A look at the shareholders of Data I/O Corporation (NASDAQ:DAIO) can tell us which group is most powerful. Institutions often own shares in more established companies, while it’s not unusual to see insiders own a fair bit of smaller companies. Warren Buffett said that he likes “a business with enduring competitive advantages that is run by able and owner-oriented people.” So it’s nice to see some insider ownership, because it may suggest that management is owner-oriented.
Data I/O is a smaller company with a market capitalization of US$24m, so it may still be flying under the radar of many institutional investors. In the chart below, we can see that institutional investors have bought into the company. Let’s delve deeper into each type of owner, to discover more about Data I/O.
What Does The Institutional Ownership Tell Us About Data I/O?
Institutions typically measure themselves against a benchmark when reporting to their own investors, so they often become more enthusiastic about a stock once it’s included in a major index. We would expect most companies to have some institutions on the register, especially if they are growing.
We can see that Data I/O does have institutional investors; and they hold 25% of the stock. This suggests some credibility amongst professional investors. But we can’t rely on that fact alone, since institutions make bad investments sometimes, just like everyone does. If multiple institutions change their view on a stock at the same time, you could see the share price drop fast. It’s therefore worth looking at Data I/O’s earnings history, below. Of course, the future is what really matters.
Our data indicates that hedge funds own 17% of Data I/O. That catches my attention because hedge funds sometimes try to influence management, or bring about changes that will create near term value for shareholders. DH Partners, LLC is currently the largest shareholder, with 8.7% of shares outstanding. The second largest shareholder with 8.1%, is Renaissance Technologies Corp., followed by Dimensional Fund Advisors L.P., with an ownership of 5.1%.
Our studies suggest that the top 25 shareholders collectively control less than 50% of the company’s shares, meaning that the company’s shares are widely disseminated and there is no dominant shareholder.
Researching institutional ownership is a good way to gauge and filter a stock’s expected performance. The same can be achieved by studying analyst sentiments. While there is some analyst coverage, the company is probably not widely covered. So it could gain more attention, down the track.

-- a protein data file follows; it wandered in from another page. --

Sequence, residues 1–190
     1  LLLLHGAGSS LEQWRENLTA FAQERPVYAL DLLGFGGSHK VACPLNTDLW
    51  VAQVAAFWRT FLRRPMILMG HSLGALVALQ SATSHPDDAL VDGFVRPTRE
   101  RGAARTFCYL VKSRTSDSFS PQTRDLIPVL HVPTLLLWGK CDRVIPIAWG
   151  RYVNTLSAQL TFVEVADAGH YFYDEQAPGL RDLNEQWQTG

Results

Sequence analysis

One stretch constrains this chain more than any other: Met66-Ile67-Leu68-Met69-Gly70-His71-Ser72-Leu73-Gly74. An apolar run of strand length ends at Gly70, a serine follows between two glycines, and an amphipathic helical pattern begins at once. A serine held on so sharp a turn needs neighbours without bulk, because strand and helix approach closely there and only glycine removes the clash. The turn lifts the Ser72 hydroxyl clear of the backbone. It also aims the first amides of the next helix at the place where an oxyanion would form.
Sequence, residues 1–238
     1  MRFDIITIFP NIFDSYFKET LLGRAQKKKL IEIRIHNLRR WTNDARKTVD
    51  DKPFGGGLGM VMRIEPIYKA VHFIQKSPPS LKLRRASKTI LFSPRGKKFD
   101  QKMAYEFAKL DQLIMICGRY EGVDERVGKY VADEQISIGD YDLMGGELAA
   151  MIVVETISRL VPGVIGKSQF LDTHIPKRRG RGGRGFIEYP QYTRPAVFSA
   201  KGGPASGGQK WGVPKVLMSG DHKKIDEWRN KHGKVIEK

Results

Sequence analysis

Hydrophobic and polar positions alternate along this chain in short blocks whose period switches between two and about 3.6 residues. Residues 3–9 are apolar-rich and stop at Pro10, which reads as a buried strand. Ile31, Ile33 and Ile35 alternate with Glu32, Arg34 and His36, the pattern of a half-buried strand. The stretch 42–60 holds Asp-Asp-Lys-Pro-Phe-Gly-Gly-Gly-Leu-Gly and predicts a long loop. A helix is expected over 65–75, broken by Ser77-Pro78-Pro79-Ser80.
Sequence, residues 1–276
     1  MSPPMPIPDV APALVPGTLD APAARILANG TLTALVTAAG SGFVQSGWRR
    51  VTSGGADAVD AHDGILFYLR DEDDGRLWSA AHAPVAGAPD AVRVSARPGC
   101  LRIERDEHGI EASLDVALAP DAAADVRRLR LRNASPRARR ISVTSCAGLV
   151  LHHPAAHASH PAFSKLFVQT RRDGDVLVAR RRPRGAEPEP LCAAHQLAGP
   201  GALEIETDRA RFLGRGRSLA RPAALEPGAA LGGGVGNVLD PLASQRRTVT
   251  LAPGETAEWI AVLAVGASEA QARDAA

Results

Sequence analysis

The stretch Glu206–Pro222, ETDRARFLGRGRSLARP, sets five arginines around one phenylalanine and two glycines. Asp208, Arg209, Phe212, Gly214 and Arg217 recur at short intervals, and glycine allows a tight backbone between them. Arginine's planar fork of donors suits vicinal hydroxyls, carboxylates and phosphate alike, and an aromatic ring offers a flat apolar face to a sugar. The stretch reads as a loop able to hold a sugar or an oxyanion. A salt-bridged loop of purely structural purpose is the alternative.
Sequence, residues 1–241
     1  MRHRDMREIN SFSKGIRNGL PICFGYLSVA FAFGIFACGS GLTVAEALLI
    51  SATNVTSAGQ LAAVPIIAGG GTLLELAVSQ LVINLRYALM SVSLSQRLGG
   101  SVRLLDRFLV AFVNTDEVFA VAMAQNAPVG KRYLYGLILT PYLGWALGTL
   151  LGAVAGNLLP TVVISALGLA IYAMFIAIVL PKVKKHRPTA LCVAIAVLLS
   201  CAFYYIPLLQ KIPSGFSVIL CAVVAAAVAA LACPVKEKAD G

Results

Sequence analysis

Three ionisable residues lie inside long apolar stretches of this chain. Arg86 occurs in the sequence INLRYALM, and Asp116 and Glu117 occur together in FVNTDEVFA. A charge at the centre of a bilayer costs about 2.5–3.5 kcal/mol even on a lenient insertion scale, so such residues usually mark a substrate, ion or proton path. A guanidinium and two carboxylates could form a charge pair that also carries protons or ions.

Insider Ownership Of Data I/O
The definition of company insiders can be subjective, and does vary between jurisdictions. Our data reflects individual insiders, capturing board members at the very least. Company management run the business, but the CEO will answer to the board, even if he or she is a member of it.
Most consider insider ownership a positive because it can indicate the board is well aligned with other shareholders. However, on some occasions too much power is concentrated within this group.
Our most recent data indicates that insiders own some shares in Data I/O Corporation. It has a market capitalization of just US$24m, and insiders have US$1.8m worth of shares, in their own names. It is good to see some investment by insiders, but I usually like to see higher insider holdings. It might be worth checking if those insiders have been buying.
General Public Ownership
The general public, mostly retail investors, hold a substantial 51% stake in DAIO, suggesting it is a fairly popular stock. This size of ownership gives retail investors collective power. They can and probably do influence decisions on executive compensation, dividend policies and proposed business acquisitions.
While it is well worth considering the different groups that own a company, there are other factors that are even more important. Be aware that Data I/O is showing 3 warning signs in our investment analysis , and 1 of those can’t be ignored…
If you are like me, you may want to think about whether this company will grow or shrink. Luckily, you can check this free report showing analyst forecasts for its future.
NB: Figures in this article are calculated using data from the last twelve months, which refer to the 12-month period ending on the last date of the month the financial statement is dated. This may not be consistent with full year annual report figures.
If you spot an error that warrants correction, please contact the editor at firstname.lastname@example.org. This article by Simply Wall St is general in nature. It does not constitute a recommendation to buy or sell any stock, and does not take account of your objectives, or your financial situation. Simply Wall St has no position in the stocks mentioned.
We aim to bring you long-term focused research analysis driven by fundamental data. Note that our analysis may not factor in the latest price-sensitive company announcements or qualitative material. Thank you for reading.